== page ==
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Program Helps Moms, Newborns Addicted To Opioids Get Help

CHICAGO (CBS) -- They are the smallest victims of the opioid crisis: babies born to addicted mothers.

The cost of care for the newborns: around 1.5 billion dollars a year in the U.S. But one area hospital is putting nurses on the front line, arming them with new training to help moms and babies.

When addicted moms are too ashamed to get medical treatment, the babies suffer. At Northwestern Medicine in Huntley, a new program is being launched to fight the stigma that keeps many of these women from seeking treatment sooner.

"At the time, I  was the deepest I ever had been in my addiction," said a young mother who did not want to be identified.

Still concerned for her child, she went to the doctor for prenatal care.

"They said if you continue to use we will not care you anymore," she said. "I think everyone thought how can you do this to an innocent child," she said.

It's the kind of shaming that keeps many women from seeking any prenatal treatment.

One national study showed infants with neonatal abstinence syndrome, when a baby is born withdrawing from drugs (NAS), stay in the hospital an average 17 days compared to two days for a baby with no complications.

The cost of the stay is more than $66,000 for a NAS baby compared to $3,500 for a healthy child.

"The opioid crisis is huge," said substance abuse nurse educator Judy Pasternack who said it even leads nurses to ask...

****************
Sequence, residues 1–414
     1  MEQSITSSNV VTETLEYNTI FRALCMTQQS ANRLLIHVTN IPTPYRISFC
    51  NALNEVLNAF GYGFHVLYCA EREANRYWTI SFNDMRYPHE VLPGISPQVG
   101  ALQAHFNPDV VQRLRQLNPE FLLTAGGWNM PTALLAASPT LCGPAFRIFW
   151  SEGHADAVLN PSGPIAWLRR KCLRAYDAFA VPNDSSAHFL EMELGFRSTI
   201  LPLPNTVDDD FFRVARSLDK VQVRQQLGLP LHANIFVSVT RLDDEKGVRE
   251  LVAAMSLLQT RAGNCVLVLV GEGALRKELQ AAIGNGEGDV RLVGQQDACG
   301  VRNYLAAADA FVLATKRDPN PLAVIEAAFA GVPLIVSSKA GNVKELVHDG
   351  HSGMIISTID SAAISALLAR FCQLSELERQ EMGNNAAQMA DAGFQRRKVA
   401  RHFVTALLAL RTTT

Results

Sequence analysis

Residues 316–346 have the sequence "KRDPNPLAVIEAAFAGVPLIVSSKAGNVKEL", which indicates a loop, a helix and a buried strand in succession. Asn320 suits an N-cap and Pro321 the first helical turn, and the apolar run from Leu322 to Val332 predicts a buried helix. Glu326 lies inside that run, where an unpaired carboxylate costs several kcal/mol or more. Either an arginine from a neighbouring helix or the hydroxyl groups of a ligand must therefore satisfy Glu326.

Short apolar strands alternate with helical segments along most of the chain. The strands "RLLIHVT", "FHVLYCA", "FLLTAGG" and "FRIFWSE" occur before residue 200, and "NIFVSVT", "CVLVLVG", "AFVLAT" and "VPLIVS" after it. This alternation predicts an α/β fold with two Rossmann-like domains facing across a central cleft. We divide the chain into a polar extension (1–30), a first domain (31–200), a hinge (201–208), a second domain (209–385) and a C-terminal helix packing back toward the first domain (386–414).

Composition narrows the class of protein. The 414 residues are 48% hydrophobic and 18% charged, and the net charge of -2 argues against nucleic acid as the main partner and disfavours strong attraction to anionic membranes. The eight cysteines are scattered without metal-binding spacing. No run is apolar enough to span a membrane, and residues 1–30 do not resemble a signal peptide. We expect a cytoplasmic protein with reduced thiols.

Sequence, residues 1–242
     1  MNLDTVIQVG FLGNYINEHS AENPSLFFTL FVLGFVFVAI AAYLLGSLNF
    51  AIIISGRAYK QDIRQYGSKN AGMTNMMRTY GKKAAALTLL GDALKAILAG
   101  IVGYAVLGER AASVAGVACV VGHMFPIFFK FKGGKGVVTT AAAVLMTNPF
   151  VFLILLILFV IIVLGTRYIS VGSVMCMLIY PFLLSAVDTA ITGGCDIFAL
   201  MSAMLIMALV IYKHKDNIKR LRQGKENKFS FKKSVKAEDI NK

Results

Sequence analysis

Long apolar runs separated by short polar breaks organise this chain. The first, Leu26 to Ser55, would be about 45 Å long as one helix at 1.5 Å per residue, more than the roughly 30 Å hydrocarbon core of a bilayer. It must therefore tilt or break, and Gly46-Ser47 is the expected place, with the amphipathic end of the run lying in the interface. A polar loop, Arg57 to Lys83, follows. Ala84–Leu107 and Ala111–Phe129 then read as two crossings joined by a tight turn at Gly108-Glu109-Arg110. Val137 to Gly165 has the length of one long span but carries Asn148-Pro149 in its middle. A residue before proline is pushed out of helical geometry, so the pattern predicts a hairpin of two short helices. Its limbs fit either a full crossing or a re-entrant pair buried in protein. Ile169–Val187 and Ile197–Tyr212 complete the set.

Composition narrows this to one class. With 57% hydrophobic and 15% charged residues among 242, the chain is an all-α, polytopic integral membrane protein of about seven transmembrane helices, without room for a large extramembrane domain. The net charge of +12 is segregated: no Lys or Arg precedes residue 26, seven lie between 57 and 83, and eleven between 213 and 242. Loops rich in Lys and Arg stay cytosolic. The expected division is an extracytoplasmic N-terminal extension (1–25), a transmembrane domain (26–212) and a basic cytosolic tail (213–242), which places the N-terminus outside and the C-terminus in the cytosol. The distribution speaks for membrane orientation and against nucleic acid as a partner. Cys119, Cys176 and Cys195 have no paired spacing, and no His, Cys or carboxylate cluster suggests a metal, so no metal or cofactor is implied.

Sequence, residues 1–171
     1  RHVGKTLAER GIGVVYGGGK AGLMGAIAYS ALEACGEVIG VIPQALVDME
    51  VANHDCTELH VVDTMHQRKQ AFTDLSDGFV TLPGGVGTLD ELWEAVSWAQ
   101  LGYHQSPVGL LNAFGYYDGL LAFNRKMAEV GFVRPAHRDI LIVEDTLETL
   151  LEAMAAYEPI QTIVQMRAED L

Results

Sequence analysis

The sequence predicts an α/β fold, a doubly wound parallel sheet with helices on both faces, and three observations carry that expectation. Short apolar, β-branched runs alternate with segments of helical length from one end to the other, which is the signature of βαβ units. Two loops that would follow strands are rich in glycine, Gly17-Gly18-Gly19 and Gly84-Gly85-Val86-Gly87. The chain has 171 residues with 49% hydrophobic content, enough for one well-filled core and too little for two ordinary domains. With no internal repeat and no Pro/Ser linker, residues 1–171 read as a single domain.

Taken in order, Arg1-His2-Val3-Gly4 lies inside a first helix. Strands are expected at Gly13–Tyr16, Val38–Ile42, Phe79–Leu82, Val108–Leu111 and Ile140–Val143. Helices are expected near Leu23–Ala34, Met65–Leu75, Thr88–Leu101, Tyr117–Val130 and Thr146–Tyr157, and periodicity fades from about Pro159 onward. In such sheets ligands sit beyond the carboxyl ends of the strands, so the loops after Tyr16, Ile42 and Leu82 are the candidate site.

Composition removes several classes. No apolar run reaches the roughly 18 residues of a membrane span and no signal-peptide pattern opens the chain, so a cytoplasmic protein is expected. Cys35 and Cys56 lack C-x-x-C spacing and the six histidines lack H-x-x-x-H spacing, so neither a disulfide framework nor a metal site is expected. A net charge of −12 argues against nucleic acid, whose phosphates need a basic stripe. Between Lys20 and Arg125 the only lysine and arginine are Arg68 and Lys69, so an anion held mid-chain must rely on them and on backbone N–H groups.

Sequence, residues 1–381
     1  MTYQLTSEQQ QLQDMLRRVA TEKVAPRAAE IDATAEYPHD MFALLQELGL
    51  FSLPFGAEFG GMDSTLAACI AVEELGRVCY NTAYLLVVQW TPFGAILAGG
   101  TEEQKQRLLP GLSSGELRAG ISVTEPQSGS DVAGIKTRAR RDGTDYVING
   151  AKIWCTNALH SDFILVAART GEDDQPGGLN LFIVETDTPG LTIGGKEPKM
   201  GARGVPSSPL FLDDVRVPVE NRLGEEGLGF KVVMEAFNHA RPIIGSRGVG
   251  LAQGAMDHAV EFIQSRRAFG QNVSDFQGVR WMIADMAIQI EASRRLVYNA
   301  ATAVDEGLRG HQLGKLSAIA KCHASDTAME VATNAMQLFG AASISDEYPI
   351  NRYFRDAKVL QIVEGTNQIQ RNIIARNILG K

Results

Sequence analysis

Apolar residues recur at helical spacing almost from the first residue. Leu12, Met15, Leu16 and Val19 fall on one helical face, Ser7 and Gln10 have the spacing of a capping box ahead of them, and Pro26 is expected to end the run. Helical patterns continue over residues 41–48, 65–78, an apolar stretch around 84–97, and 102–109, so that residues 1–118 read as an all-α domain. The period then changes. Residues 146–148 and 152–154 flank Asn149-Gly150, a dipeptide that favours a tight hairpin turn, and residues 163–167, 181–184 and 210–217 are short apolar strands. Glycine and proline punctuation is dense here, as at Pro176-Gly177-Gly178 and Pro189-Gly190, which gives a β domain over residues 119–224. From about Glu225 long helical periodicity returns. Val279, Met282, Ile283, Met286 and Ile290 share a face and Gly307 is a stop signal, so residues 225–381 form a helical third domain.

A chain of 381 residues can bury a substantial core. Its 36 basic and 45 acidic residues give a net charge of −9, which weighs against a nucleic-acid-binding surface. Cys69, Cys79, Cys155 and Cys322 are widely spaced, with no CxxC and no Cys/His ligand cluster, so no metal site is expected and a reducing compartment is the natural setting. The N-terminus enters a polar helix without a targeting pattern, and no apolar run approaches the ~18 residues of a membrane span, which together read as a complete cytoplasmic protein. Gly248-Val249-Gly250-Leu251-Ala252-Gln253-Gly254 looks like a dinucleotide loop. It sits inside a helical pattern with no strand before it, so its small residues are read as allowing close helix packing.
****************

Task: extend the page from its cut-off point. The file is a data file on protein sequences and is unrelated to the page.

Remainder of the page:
"Why can't this woman have been sober? Why can this woman, when she knew she was pregnant, just stop," added Pasternack.

Northwestern Medicine in Huntley wants to make sure its nurses recognize that their are values may be different than the patients. So they started a new training program that teaches about stigma and the disease of addiction.

"So that mix of understanding on your values and understanding the science of addiction helps a nurse to put those pieces together and go 'this woman is doing the best she can do right now in her life and I need to give her everything I have.' And that's the concept of the training." Pasternack said.

The mother, who had two relapses during her second pregnancy, is now drug free. And said she's appreciative of the people who understood her addiction and helped her get the treatment she needed.

"Nothing is going to get better if everybody's in the dark about the situation," she said.

The young mother wanted to share her story to encourage other women to get treatment.

She didn't get the help she needed with her first pregnancy and lost custody of that child who is now four.

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